Did you ever wonder how rich Jed Clampett (the Beverly Billbillies) would be? According to Forbes Fictional 15, because of oil, gas, and banking investments, Clampett, worth $7.2 billion, is #5 on the list.
C. Montgomery Burns, hometown Springfield, U.S.A., and graduate of Yale, is #12 because of the money he made as owner of the Springfield Power Plant and Jay Gatsby is #14 with $1 billion. #1 was Carlisle Cullen from Twilight’s Billionaire Vampire.
The Economic Life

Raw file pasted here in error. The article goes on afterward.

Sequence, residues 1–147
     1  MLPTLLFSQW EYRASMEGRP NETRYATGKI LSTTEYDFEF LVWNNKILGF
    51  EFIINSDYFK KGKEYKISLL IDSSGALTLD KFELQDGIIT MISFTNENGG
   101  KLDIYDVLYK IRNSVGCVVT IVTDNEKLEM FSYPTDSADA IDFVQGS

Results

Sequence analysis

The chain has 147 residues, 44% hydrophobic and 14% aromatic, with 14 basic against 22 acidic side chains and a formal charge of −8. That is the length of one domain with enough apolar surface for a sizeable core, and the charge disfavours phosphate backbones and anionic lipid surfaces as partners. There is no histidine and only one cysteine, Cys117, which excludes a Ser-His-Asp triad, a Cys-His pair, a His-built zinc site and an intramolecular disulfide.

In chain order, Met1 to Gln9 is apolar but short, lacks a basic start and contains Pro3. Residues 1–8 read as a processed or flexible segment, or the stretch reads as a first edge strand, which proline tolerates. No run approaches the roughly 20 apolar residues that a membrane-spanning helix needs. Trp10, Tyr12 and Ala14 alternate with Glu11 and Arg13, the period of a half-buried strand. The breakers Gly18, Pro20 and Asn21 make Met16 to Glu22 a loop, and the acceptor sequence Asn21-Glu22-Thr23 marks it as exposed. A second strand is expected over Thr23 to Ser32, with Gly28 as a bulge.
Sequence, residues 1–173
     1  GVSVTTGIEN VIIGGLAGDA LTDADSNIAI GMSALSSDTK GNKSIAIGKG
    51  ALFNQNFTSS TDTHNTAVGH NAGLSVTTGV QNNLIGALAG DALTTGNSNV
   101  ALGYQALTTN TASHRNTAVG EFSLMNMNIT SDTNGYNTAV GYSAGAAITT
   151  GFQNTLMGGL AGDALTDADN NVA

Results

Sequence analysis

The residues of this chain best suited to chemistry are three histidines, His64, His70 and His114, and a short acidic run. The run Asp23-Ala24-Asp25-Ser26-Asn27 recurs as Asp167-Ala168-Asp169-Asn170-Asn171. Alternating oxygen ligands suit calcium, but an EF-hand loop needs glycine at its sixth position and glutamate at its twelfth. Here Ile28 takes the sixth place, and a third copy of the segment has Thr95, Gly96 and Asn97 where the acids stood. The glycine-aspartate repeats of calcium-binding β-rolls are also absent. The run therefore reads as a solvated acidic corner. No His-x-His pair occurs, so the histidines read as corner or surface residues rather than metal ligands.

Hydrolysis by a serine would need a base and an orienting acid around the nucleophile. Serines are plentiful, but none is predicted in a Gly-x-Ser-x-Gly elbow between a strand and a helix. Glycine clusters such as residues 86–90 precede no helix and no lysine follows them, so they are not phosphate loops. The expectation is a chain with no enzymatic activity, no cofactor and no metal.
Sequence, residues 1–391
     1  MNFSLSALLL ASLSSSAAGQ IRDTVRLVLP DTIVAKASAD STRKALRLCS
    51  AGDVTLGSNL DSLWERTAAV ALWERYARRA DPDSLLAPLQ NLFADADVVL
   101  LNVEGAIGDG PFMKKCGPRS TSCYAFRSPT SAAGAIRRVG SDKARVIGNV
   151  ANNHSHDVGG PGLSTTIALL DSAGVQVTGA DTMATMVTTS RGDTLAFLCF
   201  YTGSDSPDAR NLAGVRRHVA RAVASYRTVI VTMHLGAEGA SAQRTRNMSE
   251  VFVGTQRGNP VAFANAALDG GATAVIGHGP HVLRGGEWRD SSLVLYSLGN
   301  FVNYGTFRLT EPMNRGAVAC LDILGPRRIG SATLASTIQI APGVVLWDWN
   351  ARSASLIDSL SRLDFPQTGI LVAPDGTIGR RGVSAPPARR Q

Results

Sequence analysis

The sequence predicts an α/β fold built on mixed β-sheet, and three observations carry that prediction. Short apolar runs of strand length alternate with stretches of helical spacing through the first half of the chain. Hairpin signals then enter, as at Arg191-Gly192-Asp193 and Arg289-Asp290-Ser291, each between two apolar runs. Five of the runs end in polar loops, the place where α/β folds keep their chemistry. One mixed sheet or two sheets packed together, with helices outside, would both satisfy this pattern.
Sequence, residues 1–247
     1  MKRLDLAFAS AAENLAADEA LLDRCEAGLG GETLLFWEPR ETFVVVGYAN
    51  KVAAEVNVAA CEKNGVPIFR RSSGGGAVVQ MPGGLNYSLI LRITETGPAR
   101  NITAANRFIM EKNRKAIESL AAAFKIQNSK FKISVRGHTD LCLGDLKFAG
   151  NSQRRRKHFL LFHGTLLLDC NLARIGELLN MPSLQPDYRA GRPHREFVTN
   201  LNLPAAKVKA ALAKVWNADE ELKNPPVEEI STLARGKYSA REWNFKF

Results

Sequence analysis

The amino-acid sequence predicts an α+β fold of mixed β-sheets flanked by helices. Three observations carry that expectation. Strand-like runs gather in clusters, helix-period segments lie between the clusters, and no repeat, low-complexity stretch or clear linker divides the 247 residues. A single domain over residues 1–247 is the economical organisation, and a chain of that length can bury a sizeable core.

A very real issue that concerns economists is income distribution. In the U.S., our national income comes from wages and salaries, rent, interest, dividends and profits from businesses that are not incorporated. To picture our income distribution, please think of a pie as the total national income and then individual slices as the proportion that different groups receive. That would mean that if total national income were $1,000 and a society had only five households (people living together), then if every household earned $200, distribution was equal. By contrast, if one family earned $800, then, because $200 remained for everyone else, there would be considerable inequality. Recently, the top quintile of households in the U.S. earned close to 50% of all income. This quintile approach for representing income distribution was developed by statistician Max Lorenz.